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NICE urges planners to consider people’s need for exercise

BMJ 2008; 336 doi: (Published 24 January 2008) Cite this as: BMJ 2008;336:179
  1. Geoff Watts
  1. 1London

    In an unusually wide ranging set of recommendations, the National Institute for Health and Clinical Excellence (NICE) in England and Wales is aiming to deal with obesity and other health problems by tackling one of their causes: lack of exercise. Its immediate targets are not obese people themselves, however, but the planners who could be doing more to prevent the onset of the condition.

    The guide, which is the second of NICE’s public health interventions, sets out what are claimed to be the first national, evidence based recommendations to encourage physical activity by changing the environment.

    “The guidance reaches out to sectors well beyond the NHS,” said Mike Kelly, director of NICE’s centre for public health excellence. But he added that it was prompted in part by doctors who had responded to previous calls for more physical activity by pointing out how changes to the environment would help.

    The guidance states that everyone concerned with creating artificial environments and planning the use of natural ones should be trying to maximise their potential for physical activity. All planning applications for new developments should give priority to ways of allowing people to use their own muscles.

    Transport planners should aim to give priority to pedestrians and cyclists by widening pavements and introducing more cycle lanes and routes. Use of motor vehicles should be discouraged by narrowing or closing roads, using measures to slow traffic, and introducing charges for motorists.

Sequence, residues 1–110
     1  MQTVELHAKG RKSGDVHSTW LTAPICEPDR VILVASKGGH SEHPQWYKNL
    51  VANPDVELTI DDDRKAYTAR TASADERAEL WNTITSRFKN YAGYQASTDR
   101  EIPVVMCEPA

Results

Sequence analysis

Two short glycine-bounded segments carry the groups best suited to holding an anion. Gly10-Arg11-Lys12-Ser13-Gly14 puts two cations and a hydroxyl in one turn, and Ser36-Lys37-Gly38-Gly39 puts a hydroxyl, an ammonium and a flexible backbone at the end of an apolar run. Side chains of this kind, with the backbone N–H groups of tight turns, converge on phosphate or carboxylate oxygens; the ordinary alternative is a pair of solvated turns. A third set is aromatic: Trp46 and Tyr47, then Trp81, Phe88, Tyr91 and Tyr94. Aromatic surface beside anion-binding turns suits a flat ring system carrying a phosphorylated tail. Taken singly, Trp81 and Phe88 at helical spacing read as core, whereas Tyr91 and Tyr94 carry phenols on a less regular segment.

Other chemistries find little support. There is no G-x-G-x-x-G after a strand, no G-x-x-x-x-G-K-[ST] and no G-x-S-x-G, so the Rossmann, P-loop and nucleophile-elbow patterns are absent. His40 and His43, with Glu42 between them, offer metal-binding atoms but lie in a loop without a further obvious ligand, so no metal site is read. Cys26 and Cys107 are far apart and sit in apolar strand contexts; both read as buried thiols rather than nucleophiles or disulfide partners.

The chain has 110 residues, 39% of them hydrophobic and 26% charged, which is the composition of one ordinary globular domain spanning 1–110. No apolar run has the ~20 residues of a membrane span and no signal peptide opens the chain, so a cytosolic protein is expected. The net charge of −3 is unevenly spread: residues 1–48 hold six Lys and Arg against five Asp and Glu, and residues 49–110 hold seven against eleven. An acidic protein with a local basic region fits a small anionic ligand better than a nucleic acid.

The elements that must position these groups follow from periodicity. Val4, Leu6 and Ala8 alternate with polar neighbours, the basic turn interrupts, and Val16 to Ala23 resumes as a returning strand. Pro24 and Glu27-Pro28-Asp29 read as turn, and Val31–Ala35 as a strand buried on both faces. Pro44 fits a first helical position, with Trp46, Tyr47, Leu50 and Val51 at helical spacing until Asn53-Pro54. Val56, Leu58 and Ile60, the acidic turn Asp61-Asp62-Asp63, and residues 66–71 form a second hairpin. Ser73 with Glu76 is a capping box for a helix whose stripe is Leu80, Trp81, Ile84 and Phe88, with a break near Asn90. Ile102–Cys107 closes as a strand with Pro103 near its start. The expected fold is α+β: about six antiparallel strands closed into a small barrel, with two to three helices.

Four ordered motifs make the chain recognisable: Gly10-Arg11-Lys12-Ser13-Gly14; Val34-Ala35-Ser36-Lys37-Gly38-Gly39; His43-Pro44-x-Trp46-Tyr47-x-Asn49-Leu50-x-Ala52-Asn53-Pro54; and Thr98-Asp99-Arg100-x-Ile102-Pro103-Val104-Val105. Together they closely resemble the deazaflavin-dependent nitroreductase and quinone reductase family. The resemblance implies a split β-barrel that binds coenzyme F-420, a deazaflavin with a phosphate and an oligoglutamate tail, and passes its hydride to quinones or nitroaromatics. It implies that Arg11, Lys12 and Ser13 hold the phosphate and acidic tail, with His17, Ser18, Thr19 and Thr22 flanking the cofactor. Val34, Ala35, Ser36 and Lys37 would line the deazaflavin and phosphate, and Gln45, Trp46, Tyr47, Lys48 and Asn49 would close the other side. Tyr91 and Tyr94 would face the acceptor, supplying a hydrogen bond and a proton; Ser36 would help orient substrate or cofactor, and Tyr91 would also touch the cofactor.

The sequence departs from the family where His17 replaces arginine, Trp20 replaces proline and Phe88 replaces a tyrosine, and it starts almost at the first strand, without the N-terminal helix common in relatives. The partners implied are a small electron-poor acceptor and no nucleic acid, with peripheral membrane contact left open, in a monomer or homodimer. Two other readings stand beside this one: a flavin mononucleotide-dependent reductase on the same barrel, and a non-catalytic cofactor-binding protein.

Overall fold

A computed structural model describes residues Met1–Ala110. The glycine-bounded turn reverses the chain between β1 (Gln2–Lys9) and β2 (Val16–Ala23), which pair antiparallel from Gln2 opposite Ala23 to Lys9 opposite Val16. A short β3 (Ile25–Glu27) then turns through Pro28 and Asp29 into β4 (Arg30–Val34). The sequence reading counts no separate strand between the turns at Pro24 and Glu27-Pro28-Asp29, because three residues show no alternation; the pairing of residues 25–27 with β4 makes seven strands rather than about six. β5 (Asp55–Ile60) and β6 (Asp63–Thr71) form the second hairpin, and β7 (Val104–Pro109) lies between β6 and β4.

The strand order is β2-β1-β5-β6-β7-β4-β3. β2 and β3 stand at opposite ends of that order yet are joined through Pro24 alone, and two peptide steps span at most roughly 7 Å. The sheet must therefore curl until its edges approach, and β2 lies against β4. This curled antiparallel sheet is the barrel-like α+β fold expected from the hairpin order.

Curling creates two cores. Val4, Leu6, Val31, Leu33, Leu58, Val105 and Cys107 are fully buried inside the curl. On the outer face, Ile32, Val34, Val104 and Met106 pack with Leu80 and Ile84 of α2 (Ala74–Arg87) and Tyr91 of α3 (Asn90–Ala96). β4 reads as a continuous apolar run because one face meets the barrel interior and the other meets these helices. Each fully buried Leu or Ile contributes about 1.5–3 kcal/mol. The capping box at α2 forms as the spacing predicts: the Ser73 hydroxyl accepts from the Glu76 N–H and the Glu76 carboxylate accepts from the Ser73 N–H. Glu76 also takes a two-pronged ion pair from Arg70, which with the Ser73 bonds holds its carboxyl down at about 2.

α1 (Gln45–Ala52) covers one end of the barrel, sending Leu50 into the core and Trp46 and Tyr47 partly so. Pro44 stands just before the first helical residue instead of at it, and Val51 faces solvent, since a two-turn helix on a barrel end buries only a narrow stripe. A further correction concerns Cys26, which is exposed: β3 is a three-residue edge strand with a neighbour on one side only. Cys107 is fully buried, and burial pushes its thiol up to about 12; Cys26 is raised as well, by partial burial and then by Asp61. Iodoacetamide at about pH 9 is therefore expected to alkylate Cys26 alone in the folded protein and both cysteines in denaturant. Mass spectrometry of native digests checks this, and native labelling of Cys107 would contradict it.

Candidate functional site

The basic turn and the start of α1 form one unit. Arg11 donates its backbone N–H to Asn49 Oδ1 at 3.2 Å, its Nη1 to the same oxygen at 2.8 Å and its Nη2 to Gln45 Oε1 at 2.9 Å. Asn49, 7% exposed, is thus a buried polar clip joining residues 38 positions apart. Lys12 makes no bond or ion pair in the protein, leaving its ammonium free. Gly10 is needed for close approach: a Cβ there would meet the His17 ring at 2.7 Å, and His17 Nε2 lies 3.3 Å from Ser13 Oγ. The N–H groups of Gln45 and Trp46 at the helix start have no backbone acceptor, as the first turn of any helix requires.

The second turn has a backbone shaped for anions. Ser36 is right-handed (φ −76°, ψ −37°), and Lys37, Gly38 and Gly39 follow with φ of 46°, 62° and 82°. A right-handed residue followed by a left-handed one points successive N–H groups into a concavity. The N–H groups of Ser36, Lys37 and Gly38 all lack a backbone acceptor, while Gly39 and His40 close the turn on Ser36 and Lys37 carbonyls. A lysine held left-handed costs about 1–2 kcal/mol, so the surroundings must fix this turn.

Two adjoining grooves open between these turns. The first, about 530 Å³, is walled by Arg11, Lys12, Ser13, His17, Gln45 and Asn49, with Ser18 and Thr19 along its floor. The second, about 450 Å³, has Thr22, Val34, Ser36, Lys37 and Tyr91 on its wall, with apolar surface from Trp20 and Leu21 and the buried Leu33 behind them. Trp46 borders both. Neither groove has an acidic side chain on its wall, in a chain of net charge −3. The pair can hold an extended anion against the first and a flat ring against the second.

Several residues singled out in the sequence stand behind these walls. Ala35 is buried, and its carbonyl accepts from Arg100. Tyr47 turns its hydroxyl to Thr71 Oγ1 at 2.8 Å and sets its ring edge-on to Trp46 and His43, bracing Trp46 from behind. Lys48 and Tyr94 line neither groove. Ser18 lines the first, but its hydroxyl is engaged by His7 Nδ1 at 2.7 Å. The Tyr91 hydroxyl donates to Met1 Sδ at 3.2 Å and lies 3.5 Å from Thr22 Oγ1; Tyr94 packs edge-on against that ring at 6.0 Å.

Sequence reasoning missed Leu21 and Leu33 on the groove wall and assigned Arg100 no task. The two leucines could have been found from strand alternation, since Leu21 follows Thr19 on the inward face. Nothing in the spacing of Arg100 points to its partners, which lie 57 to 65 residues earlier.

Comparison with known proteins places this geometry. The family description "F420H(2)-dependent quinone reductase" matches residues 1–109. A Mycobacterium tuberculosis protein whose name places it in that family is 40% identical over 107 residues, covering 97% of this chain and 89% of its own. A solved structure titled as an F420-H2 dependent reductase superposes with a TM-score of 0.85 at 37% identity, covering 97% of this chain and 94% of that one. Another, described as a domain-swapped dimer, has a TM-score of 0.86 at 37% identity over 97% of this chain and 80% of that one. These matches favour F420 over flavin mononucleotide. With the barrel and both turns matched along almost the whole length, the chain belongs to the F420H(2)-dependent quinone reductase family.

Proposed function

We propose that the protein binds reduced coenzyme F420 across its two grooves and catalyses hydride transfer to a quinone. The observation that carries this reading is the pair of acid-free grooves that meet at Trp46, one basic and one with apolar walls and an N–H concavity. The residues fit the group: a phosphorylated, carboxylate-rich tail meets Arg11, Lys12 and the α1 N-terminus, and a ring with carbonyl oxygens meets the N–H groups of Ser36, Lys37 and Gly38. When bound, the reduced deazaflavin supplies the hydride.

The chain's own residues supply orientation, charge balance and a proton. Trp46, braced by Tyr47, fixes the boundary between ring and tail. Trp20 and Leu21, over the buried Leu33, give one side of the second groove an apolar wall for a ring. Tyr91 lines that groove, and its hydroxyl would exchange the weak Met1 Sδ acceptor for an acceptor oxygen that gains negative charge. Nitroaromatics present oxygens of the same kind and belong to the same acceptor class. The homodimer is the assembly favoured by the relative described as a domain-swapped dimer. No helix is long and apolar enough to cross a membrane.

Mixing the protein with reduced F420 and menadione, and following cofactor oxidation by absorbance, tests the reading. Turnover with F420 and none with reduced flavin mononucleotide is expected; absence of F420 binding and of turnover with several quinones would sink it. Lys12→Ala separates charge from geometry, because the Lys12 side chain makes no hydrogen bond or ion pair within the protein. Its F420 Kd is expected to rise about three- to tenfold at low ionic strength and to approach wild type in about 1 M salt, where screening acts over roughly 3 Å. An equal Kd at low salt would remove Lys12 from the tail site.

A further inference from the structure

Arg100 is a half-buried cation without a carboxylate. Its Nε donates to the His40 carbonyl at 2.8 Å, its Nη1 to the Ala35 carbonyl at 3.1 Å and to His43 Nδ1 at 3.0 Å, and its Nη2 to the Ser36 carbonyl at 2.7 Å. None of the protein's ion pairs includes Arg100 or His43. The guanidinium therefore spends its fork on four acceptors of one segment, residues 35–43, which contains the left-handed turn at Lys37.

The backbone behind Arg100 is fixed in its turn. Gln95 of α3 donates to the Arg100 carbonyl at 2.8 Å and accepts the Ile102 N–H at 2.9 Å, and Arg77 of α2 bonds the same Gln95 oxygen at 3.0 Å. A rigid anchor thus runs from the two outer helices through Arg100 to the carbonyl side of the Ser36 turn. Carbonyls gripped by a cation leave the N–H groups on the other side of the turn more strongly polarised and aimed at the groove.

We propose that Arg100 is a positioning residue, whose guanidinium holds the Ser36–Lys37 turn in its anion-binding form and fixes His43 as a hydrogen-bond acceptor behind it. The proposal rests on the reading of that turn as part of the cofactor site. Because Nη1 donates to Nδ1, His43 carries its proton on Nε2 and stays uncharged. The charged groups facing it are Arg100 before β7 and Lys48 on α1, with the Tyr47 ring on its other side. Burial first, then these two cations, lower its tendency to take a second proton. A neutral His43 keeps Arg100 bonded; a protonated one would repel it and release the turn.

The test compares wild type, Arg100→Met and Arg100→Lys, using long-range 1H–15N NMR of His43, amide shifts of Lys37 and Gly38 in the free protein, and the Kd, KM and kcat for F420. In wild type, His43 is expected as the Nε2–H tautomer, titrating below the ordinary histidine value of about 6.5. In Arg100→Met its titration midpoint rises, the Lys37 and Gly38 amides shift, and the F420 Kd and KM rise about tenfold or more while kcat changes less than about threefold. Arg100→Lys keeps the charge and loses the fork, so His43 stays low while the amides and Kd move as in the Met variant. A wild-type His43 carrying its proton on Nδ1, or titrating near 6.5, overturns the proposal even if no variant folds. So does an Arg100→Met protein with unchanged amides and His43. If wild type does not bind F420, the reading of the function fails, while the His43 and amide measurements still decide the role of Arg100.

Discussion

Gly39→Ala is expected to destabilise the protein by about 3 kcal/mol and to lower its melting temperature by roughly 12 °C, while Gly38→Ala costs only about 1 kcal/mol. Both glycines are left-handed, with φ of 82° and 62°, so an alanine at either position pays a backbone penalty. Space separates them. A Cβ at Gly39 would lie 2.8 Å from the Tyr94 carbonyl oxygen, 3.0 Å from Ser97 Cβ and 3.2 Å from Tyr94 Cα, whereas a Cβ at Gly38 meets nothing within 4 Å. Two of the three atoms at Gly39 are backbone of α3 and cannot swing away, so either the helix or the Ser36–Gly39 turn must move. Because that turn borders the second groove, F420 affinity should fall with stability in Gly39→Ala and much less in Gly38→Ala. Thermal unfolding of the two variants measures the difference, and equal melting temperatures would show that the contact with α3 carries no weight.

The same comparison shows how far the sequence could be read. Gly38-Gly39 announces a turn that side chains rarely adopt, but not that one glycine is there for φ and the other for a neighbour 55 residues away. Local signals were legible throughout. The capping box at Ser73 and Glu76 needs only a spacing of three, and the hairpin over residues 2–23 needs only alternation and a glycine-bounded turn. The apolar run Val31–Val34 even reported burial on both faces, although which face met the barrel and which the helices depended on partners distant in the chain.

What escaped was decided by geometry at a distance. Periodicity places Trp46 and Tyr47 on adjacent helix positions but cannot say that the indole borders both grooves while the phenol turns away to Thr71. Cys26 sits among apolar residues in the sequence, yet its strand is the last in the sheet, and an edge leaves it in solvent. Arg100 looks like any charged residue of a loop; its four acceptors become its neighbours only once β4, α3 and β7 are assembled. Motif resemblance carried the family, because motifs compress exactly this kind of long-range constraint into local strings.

Philip Insall, a transport specialist and a member of the panel that developed the guidance, points out that cities elsewhere in Europe—he cited Basel—rely much less on car journeys than cities in the United Kingdom. “I think these NICE recommendations are perfectly doable,” he insisted. “This is about choice. In the past we’ve progressively reshaped the environment in a way that makes healthy choice more difficult.”

    Public open spaces, including parks, riverside paths, and canal towpaths, should be well maintained and accessible by public transport, say the guidelines. School playgrounds should be designed to encourage more varied and physically active play. Buildings distributed over campuses, including those of hospitals and universities, should be linked by walking or cycle routes.

    When buildings are being designed or refurbished, staircases should be placed where they are most likely to be used. They should be clearly signposted (notices encouraged journalists attending NICE’s third floor press conference to use the stairs), well lit, and properly maintained.

    “The big difference that this guidance should make is to put physical activity on the radar of planners and architects,” said Tim Stonor, another member of the panel. “Buildings shouldn’t only look good; they should give people the option of becoming healthy.”

    Whether planners will respond to the guidance is an open question. Unlike health authorities they are under no obligation to act on NICE’s suggestions. The best hope is that the guidance will be written into the policies of other public bodies whose views do carry statutory force.


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